Convicted Terrorist Joins Democrats, Challenges NSA Spying
It’s not just the Democratic Party who is challenging the Republican Administration about the NSA warrantless spying program.
Lawyers for convicted terrorist, Iyman Faris, were back in court today.
He is the second midwestern truckdriving terrorist in the news in the last week.
Last week, on January 26, 2006, Indiana truckdriver, Shaaban Hafiz Ahmad Ali Shaaban, or “Joe Brown” to his neighbors, ended with convictions on six counts including conspiracy and acting as a foreign agent. The conviction was a classic example of how the Patriot Act is helping to keep Americans safe. Using a delayed notice search warrant, federal investigators were able to search Shaaban’s home while his family went to Disney World on the government’s dime.
Today lawyers for the Ohio truckdriving terrorist convicted of plotting to blow up the Brooklyn Bridge prepared a motion asking a federal judge to throw out the case on the grounds that the government illegally spied on him.
Iyman Faris’ challenge is among the first to seek evidence of warrantless electronic eavesdropping by the National Security Agency, a practice that began after the terrorist attacks of Sept. 11, 2001. Government officials have reportedly credited the practice with uncovering Faris’ terrorist plot and several others.
Faris’ attorney David Smith said he planned to file the motion Friday in U.S. District Court in Alexandria, Va. It will argue that investigators improperly obtained evidence against Faris and that his trial lawyer was ineffective.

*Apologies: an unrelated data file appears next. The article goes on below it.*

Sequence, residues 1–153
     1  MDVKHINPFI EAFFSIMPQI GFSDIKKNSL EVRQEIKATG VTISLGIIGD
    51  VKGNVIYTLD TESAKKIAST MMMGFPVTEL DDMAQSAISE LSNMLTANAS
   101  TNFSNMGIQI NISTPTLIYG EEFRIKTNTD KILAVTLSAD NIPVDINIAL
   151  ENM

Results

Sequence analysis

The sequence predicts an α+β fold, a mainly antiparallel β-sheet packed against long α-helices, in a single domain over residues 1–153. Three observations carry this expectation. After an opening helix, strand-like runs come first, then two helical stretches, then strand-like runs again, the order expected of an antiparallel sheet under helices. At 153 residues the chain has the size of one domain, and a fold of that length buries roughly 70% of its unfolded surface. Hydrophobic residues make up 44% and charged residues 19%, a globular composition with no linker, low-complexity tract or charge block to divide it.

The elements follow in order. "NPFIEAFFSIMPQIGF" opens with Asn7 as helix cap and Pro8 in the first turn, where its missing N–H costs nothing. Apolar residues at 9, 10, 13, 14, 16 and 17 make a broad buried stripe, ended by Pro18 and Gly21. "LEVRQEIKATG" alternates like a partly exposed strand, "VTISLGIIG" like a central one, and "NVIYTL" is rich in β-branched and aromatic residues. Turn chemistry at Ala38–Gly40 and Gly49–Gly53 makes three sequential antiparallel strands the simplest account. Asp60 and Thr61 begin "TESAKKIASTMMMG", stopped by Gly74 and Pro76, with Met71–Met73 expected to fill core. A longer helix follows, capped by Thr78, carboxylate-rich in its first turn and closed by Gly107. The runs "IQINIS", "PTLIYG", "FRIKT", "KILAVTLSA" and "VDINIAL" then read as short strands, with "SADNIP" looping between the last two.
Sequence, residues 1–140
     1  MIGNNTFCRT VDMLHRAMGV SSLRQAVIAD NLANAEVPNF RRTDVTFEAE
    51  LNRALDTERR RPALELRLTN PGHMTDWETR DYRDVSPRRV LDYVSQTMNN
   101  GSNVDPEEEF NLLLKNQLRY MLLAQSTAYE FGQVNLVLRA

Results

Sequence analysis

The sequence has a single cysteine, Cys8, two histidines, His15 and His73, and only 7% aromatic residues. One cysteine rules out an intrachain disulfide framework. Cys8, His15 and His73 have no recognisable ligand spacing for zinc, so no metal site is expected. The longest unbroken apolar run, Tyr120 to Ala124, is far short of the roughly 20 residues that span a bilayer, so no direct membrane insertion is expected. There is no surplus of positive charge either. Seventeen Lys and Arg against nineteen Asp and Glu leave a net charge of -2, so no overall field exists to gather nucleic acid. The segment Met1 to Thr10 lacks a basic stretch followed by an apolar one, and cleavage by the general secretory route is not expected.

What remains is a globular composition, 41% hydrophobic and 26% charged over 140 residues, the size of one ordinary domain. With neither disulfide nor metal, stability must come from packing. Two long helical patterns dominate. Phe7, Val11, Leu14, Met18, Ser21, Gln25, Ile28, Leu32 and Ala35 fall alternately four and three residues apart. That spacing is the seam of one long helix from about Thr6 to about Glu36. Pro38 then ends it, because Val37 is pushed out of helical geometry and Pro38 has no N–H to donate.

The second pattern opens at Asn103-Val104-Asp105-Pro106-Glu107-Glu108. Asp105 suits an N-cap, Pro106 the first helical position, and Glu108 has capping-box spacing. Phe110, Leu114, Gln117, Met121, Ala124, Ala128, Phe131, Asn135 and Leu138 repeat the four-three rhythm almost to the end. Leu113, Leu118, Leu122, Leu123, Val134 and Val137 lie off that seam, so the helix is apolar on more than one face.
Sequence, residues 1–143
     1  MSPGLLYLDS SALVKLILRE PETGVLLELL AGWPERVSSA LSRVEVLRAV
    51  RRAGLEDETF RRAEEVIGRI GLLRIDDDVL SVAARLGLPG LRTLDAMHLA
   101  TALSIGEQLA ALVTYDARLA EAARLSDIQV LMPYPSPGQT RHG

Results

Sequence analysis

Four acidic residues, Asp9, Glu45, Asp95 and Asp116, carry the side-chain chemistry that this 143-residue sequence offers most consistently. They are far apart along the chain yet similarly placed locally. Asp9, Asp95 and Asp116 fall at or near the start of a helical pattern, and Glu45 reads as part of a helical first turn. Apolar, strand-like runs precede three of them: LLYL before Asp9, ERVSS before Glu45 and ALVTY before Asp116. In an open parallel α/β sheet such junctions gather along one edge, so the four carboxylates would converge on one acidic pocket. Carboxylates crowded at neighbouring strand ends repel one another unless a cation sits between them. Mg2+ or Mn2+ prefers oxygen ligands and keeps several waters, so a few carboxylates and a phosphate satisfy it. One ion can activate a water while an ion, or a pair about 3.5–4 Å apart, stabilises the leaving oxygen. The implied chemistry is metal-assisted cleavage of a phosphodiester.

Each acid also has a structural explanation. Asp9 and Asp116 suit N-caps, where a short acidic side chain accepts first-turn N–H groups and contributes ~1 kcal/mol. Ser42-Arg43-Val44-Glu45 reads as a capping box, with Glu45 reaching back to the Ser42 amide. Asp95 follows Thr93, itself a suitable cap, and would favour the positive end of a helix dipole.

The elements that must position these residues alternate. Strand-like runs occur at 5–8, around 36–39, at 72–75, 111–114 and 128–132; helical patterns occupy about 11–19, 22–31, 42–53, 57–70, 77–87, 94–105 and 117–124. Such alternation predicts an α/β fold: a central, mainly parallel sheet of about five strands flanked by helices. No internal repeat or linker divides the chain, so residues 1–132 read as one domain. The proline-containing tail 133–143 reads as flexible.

Faris, 36, pleaded guilty in 2003 to conspiracy and aiding and abetting terrorism, and was sentenced to 20 years in prison. He has tried to withdraw his plea, saying everything in his agreement with prosecutors was false.
According to prosecutors, Faris traveled to Pakistan and Afghanistan, carrying out low-level missions for terrorists.
Prosecutors said he investigated, but ultimately ruled out, the possibility of using a gas cutter to burn through the Brooklyn Bridge’s suspension cables, and that he received attack instructions from top terrorist leader Khalid Shaikh Mohammed for what they suggested might have been a second wave of terror attacks in New York and Washington.
At his sentencing, prosecutors acknowledged that federal agents were led to Faris by a telephone call intercepted in another investigation.
Critics say the NSA tactics are unconstitutional, contending that the government must go through a secretive court set up to approve surveillance warrants in the United States during national security investigations. The Bush administration has staunchly defended the practice, saying the agency only monitors calls in which one party is outside the United States and the call is believed to be related to terrorism.
Meanwhile, Senate Democrats on Thursday angrily accused the Bush administration of mounting a public relations campaign to defend the National Security Agency’s domestic surveillance program. And, Sen. Pat Roberts sent a letter to DNC Chairman Howard Dean today, calling Dean’s statements on the NSA terrorist surveillance program “irrational and irresponsible.”
The ACLU is also suing the National Security Agency for violating the U.S. Constitution for their NSA spying program.